This combination of cover images shows various novels released this fall, top row from left, “Bliss Montage” by Ling Ma, “The Book of Goose” by Yiyun Li, “Dinosaurs” by Lydia Millet, “It Starts with Us” by Colleen Hoover and “The Last Chairlift” by John Irving, second row from left, “Less is Lost” by Andrew Sean Greer, “Liberation Day” by George Saunders, “Lucy by the Sea” by Elizabeth Strout, “The Magic Kingdom” by Russell Banks, “Natural History” by Andrea Barrett, bottom row from left, “Now is Not the Time to Panic” by Kevin Wilson, “Our Missing Hearts” by Celeste Ng, “The Passenger” by Cormac McCarthy, “Shrines of Gaiety” by Kate Atkinson and “Stella Maris” by Cormac McCarthy.
Photo: Associated Press
The wait for one of fall’s most likely bestsellers has been growing all year. For months, Colleen Hoover’s millions of fans on TikTok, Instagram and elsewhere have been talking and posting the first snippets of her novel “It starts with us.”
By summer, the author’s sequel to her bestseller “It Ends With Us” had already reached the top 10 on Amazon.com. It might have soared higher but for competition from other Hoover novels, including “Ugly Love,” “Verity” and, of course, “It Ends With Us,” the dramatic tale of a love triangle. and a woman’s endurance to domestic violence that young TikTok users embraced and helped make Hoover the nation’s most popular fiction writer.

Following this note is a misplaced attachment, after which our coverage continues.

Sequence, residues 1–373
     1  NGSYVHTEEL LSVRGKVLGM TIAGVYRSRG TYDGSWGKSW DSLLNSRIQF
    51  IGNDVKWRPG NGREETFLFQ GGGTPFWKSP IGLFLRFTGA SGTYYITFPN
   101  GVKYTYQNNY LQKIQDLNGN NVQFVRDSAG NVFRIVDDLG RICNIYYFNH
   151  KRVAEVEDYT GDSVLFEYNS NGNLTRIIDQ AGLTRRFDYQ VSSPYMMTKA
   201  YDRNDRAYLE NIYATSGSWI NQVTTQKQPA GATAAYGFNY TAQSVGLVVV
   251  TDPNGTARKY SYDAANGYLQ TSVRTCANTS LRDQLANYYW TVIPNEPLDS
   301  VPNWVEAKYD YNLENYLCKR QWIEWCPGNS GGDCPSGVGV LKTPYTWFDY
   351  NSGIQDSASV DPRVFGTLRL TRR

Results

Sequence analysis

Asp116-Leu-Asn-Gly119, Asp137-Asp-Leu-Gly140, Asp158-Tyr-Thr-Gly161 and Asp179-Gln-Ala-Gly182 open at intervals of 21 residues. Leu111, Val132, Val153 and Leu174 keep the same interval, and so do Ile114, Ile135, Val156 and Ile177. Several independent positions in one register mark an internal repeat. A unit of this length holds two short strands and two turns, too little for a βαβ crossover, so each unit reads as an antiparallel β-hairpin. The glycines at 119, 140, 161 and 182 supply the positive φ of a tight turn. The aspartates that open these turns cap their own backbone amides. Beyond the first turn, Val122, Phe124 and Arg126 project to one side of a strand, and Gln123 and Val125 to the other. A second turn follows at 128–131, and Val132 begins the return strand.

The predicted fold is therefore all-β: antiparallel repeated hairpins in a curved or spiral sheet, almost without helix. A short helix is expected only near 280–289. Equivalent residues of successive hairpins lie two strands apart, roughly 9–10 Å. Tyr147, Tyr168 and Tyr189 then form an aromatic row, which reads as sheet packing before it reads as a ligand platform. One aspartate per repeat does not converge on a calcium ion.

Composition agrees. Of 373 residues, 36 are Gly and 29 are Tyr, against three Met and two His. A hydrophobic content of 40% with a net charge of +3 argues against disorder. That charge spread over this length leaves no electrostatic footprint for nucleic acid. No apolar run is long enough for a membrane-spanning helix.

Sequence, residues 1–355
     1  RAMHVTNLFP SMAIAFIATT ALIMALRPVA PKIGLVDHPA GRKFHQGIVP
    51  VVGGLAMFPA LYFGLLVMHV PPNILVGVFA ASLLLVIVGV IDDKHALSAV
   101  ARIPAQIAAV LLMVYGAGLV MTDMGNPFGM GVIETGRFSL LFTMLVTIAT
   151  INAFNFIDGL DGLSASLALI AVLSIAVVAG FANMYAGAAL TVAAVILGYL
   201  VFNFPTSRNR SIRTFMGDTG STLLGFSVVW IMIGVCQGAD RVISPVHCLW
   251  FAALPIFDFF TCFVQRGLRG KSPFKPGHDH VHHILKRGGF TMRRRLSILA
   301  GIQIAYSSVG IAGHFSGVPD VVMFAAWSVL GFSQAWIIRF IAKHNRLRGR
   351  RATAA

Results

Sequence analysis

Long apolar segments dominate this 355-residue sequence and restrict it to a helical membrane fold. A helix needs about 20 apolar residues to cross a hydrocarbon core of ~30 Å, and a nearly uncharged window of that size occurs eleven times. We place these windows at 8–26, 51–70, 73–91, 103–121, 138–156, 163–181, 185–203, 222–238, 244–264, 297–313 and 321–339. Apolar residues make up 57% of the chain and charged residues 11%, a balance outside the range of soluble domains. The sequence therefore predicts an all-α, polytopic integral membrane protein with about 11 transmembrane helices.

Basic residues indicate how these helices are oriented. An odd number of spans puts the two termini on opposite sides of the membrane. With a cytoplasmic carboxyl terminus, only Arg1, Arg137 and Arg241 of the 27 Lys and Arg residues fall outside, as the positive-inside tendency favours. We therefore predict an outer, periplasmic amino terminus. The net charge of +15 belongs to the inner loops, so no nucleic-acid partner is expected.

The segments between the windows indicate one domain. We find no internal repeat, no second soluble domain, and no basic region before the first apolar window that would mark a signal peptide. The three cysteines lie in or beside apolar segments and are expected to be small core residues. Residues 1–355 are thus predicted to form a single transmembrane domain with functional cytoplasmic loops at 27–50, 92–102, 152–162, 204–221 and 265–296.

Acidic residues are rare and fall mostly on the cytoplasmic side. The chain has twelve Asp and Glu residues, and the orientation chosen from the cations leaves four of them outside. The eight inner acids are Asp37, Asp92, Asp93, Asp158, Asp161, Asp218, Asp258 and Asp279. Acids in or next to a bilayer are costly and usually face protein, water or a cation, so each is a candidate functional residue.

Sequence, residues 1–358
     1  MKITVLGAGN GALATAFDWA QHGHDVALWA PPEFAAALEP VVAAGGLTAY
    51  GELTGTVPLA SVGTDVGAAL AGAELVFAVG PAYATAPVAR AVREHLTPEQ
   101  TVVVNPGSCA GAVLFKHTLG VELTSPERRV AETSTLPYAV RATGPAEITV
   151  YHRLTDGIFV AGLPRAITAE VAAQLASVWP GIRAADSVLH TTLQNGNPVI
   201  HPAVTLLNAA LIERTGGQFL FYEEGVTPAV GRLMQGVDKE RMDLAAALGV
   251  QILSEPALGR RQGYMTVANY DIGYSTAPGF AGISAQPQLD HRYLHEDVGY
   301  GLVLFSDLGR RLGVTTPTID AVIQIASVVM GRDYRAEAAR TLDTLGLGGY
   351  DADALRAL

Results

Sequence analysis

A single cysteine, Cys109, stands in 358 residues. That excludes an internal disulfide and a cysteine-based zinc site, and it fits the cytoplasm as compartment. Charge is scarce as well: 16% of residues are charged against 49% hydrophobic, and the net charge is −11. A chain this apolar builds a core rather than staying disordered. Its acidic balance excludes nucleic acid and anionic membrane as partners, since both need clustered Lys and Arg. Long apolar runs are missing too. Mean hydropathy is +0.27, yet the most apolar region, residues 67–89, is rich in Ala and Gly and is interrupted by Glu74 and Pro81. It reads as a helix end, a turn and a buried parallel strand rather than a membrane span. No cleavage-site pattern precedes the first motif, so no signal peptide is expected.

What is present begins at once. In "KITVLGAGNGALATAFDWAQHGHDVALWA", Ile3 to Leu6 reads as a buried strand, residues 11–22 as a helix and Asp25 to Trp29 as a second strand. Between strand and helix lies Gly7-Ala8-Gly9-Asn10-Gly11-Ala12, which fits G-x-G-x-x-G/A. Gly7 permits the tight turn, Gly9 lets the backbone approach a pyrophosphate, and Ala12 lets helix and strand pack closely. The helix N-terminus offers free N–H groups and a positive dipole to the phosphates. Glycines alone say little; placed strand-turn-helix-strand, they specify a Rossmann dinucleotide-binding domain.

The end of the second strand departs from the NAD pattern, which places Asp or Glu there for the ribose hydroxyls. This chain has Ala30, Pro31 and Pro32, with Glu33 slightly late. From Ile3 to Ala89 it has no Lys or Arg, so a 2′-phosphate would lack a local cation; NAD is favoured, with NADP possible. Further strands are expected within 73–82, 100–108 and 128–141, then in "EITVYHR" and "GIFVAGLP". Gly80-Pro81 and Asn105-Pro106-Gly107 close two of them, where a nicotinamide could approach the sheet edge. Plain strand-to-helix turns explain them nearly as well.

Hoover’s extraordinary run on bestseller lists, from Amazon.com to The New York Times, has been Beatle-esque for much of 2022, with four or more books likely to appear in the top 10 at some time. “It Starts With Us” had been so longed for by her admirers — CoHorts, some call themselves — that she broke a personal rule: don’t let “outside influences” determine her next book.
Colleen Hoover has a new book coming up, “It Starts With Us.”
Photo: Jen Sterling/Courtesy
“I never allowed myself to entertain a sequel, but with the number of people emailing me every day and tagging me in an online petition to write about (these characters), their story started to building in my head the same way my other books begin,” she told The Associated Press in a recent email. “Ultimately, I wanted to tell this story as much as my other stories, so I owe the readers a big thank you for the nudge.”